vulture investor

(redirected from Vulture Investors)

Vulture Investor

1. In venture capital, an investor who buys a company with an excessive amount of debt in the hopes that streamlining and reorganization will make the company profitable. Vultures engage in a high risk, high reward type of investment.

2. An investor who buys an invention from the inventor. The term in this sense is slightly derogatory, as the vulture investor usually profits from the invention while the investor does not.

vulture investor

An investor who attempts to profit by buying debt of bankrupt or credit-impaired companies. Vulture investors are generally interested in the debt of problem companies that hold substantial tangible assets.
References in periodicals archive ?
With the help of the country's elected government these 'vulture investors' come to be in total control of this parasitic endeavour.
OffrBox.com was inspired to leverage their technology and network to help these flood victims after seeing vulture investors target homeowners during this difficult time.
The situation is similar to vulture investors who bought Argentina's discounted debt and tried to force repayment.
In the world of investing, vulture investors are those who buy distressed assets, almost invariably debt obligations, and then attempt to profit by either selling those assets at a higher price or by entering litigation against the debtor to extract a profitable return on the purchased assets.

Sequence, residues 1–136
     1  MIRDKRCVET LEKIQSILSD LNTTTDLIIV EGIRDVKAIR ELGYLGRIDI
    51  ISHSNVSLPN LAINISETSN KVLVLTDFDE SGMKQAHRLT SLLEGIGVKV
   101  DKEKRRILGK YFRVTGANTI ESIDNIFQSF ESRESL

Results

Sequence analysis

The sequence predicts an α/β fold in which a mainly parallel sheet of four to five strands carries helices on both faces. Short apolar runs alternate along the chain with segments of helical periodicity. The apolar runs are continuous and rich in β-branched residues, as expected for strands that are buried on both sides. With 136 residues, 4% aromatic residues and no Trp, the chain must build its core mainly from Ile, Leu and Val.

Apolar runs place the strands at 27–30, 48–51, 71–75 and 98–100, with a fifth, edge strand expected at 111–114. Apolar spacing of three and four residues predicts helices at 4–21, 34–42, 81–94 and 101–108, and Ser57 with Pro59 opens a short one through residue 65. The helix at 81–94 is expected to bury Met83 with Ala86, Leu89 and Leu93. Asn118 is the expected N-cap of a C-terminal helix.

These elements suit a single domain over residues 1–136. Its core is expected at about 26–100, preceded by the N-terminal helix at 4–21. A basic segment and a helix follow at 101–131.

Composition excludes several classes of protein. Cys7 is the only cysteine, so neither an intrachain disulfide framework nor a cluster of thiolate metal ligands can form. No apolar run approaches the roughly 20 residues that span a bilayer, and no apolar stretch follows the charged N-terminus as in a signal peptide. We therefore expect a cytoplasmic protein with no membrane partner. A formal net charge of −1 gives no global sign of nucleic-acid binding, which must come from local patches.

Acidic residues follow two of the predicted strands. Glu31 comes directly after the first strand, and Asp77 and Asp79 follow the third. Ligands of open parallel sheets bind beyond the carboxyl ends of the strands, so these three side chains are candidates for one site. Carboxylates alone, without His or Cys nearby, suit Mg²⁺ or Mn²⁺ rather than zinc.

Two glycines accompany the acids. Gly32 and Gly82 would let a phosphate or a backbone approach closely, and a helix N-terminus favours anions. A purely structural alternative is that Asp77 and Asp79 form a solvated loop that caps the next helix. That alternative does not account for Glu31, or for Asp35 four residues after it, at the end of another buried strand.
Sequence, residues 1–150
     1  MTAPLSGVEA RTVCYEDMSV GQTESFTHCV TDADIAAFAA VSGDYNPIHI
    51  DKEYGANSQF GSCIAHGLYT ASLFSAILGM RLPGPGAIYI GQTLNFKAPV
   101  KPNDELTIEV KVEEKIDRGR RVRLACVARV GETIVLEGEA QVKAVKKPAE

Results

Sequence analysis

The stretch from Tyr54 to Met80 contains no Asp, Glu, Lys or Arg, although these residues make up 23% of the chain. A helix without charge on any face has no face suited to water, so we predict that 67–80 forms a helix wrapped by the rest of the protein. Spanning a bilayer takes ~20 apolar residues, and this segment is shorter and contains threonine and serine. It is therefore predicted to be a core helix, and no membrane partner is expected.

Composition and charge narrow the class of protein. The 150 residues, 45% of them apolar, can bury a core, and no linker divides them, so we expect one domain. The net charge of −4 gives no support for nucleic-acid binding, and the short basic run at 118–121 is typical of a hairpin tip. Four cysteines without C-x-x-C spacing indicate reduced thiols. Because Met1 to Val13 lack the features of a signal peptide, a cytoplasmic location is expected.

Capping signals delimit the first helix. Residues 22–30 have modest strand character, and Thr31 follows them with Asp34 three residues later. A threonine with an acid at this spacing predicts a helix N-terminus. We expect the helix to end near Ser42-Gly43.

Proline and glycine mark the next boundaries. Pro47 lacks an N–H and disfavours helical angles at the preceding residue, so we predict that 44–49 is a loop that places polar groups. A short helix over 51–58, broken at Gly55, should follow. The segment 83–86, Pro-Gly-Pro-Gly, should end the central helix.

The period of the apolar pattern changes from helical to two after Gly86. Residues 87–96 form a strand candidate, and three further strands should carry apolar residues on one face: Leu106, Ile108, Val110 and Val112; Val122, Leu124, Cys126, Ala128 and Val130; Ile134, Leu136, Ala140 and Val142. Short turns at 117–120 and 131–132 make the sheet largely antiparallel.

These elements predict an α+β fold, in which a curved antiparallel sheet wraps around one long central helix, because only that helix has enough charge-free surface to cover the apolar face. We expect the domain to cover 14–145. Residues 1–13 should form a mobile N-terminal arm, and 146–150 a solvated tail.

But so-called vulture investors saw an opportunity to make even larger profits.
One source said MLB is holding up trading in the loans because of concerns that vulture investors will snap up the debt and force the team into bankruptcy -- just like they did last year to the Texas Rangers.
Istithmar had been planning to convert the site's 300,000-square-foot office building back into a high-end hotel, and now that Dubai is out of the picture, vulture investors are reportedly chomping at the bit to take the helm at a steep discount.
"Vulture investors," as they are sometimes cuttingly referred to, realize there is still enormous value in distressed properties if their pension obligations can transferred to the PBGC.
While hedge funds are often viewed as predatory, and perceived to have predatory intentions if they buy a big stake in a company, "actually hedge funds are less vulture investors than they are value investors," Easter ling said.
This lack of transparency created an unlevel playing field for potential sellers, who often found themselves at the mercy of vulture investors.
The "vulture investors" who make money on a falling market do it by a system known as short-selling.